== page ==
In other words, God is the initiator, he’s first, and that’s how the Bible starts isn’t it? God is first, “In the beginning God…” (Genesis 1:1) and so there’s no context, no background, because God was before the beginning, he was in the beginning, and he just started creating. Mary and Martha understood that it’s not that we loved God, but that he loved us, and they make it very clear as they sent word to Jesus,

“Lord, the one you love… is sick” (John 11:3).

And I think sometimes that we miss the point, because we become so obsessed with trying to get it right, but what Mary and Martha wrote was, “The one you love…. is sick”. You see, we get so caught up in loving God based upon our performance, our deeds, and our efforts, but that kind of love is based upon an exchange, you know, you do this and I’ll do that, you give me this and I’ll give you whatever, because that’s the way the world works, but God doesn’t love like that. God has a love that’s exclusively his. Love flows from the core of his being, it’s his character, it’s the essence of who he is. And so, God’s love is sacrificial, it’s not just affectionate, but it’s a love from another realm, a spiritual dimension, and so God always acts in ways that are higher than our ways but are consistent with his character to love. Isaiah says it this way,

"As the heavens are higher than the earth, so are my ways higher than your ways and my thoughts than your thoughts” (Isaiah 55:9).

In other words, God’s love is agape love, it’s unconditional, relentless, persistent, and even aggressive. You could say that God’s love is like the salesman who won’t take no for an answer. God’s love is like that telemarketer that calls every night at dinner… His love is higher than our ways, it’s unrelenting, it’s sacrificial, it’s unqualified, and you are the object of God’s relentless obsession.

This is the lesson that Mary and Martha teach us in this simple note, this is what you and I need to come to understand, that God is totally obsessed with you. Therefore, it doesn’t matter how bad you’ve been, it doesn’t matter what you’ve done, because God loves you and he can’t help himself. The Bible says that you can run, but you can’t hide. This is what David discovered, he discovered that God’s overwhelming love never lets him go, that he’s always near, and recognizing this David said,

“Such knowledge is too wonderful for me, too great for me to understand! I can never escape from your Spirit! I can never get away from your presence! If I go up to heaven, you are there; if I go down to the grave, you are there. If I ride the wings of the morning, if I dwell by the farthest oceans, even there your hand will guide me, and your strength will support me. I could ask the darkness to hide me and the light around me to become night— but even in darkness I cannot hide from you” (Psalms 139:6-12, NLT).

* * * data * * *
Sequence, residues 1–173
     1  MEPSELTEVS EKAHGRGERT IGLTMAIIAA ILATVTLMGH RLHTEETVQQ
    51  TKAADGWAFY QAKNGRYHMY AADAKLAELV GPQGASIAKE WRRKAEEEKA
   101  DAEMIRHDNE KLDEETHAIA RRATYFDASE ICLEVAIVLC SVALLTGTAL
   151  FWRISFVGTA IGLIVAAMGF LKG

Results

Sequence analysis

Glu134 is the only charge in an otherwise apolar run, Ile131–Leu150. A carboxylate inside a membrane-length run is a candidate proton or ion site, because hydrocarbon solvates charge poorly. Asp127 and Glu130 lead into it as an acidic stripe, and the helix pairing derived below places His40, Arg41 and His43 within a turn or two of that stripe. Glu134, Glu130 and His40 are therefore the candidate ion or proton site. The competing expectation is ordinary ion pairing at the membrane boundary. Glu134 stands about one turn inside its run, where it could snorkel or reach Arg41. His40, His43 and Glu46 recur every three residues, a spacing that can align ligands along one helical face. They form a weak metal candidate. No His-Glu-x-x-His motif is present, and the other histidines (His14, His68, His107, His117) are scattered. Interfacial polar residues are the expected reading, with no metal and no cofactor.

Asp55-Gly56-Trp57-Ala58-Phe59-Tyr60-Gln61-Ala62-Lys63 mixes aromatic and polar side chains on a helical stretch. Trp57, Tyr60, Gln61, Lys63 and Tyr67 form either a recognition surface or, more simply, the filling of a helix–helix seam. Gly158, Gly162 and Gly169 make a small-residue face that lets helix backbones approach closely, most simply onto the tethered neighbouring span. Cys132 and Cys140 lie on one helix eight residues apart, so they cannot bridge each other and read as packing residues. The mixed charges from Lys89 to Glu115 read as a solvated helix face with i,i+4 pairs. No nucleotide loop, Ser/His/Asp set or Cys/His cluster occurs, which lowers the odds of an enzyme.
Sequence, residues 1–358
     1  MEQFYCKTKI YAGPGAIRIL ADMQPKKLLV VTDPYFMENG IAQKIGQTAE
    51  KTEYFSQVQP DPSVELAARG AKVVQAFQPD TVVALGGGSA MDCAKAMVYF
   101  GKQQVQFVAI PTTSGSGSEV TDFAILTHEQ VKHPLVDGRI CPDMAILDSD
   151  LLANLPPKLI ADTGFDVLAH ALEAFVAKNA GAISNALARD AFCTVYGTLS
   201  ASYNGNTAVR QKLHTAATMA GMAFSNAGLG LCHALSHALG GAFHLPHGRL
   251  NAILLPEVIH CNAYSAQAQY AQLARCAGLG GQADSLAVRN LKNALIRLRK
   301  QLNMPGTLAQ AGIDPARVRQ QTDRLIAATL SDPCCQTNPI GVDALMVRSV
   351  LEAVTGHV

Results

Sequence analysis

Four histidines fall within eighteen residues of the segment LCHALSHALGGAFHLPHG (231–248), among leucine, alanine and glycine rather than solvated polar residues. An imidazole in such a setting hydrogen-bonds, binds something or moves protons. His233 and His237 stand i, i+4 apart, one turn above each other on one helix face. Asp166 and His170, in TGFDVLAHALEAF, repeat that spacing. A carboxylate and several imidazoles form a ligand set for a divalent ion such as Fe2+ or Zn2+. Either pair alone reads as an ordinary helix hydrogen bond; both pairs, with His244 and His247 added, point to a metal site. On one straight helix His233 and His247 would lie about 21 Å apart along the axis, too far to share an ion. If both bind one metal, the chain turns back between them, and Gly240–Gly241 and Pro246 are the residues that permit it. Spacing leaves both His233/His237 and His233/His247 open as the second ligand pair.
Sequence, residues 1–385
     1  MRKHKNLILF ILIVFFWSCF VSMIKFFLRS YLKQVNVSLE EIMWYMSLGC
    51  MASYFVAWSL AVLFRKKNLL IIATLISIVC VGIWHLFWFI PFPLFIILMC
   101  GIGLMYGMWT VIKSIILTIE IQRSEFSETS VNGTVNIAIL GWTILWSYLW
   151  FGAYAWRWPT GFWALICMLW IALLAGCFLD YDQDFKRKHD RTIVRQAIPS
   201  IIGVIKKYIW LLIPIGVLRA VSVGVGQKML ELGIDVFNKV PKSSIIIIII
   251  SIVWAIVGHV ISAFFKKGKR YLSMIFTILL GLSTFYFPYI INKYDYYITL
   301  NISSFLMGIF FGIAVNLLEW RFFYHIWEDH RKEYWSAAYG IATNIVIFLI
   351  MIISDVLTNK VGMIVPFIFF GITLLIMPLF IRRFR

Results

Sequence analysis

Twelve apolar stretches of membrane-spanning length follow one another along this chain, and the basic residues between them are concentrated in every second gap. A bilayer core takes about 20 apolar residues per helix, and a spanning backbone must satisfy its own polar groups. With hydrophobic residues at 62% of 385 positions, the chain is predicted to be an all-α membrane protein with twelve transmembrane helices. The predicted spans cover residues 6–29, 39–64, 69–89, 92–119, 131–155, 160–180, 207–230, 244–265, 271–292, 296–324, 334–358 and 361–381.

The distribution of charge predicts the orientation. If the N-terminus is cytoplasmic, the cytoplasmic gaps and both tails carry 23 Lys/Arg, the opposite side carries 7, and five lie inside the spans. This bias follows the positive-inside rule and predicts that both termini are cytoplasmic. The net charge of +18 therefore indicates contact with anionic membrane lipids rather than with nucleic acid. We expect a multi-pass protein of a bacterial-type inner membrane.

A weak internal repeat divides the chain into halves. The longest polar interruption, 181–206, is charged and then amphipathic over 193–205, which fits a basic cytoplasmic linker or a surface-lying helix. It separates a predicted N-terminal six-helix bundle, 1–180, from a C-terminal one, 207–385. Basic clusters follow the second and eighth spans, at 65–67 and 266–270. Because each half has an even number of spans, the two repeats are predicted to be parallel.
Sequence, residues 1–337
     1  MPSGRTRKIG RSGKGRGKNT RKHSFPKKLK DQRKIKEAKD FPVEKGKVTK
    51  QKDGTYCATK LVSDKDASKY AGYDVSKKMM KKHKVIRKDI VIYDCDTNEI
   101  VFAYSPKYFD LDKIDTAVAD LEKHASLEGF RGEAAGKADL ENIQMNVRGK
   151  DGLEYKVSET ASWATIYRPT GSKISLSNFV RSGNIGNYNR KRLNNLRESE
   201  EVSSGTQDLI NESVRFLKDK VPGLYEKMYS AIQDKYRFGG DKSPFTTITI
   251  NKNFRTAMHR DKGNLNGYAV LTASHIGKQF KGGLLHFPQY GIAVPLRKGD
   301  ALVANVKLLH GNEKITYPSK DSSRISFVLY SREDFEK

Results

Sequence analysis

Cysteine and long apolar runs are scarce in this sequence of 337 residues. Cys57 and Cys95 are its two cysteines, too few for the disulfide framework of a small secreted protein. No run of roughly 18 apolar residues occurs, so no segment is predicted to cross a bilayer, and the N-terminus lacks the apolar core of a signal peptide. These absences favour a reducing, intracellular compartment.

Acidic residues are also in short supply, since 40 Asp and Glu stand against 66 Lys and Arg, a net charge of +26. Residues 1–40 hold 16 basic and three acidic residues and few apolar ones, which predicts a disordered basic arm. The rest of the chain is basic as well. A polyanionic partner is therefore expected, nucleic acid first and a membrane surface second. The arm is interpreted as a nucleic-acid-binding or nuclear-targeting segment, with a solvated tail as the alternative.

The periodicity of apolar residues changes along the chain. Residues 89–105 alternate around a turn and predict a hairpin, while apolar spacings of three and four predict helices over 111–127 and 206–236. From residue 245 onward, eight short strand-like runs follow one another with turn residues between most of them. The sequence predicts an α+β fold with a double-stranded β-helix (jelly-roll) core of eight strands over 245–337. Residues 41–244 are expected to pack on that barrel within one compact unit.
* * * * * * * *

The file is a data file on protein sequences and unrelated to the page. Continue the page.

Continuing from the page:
Now, I know there are times when it feels like God isn’t near or that he doesn’t hear our prayers, because we have false expectations and things don’t always go the way we want them to. And so, when life gets tough it feels like God is uncaring, too far away to help, too far away to hear what we’ve got to say, but that’s exactly why Jesus told his disciples in their final moments together, don’t get discouraged, don’t give up,

“Surely I am with you always, to the very end of the age” (Matthew 28:20).

You see, Jesus wanted them to remember that there’s no place you can go where God isn’t, even in the midst of your worst day, even in your times of greatest heartache and loss, God is always near, he always hears, and he’s always within reach. David said, even if, “I dwell by the farthest oceans, even there your hand will guide me, and your strength will support me.” And Psalm 139 is a reminder that God loves you with a love that will never let go. Even when you were at your worst, he sent his very best, his only Son, to die on a cross so that you might live. You see, there’s nothing that can ever separate you from his love. In fact, the apostle Paul said it this way,

“I’m convinced that neither death nor life, neither angels nor demons, neither the present nor the future, nor any powers, neither height nor depth nor anything else in all creation will be able to separate us from the love of God that is in Jesus Christ our Lord” (Romans 8:38-39).

And so, my prayer is that as we go from here today, that each one of you would be overwhelmed, not by your own successes or failures, but overcome by God’s amazing love for you. His love for you that has always been, always remains, and never fails, because God is love and God is faithful.

Graphics, notes, and commentary from LifeChurch, Ministry Pass, Preaching Library, and PC Study Bible.  Scriptures from the New International Version unless otherwise noted.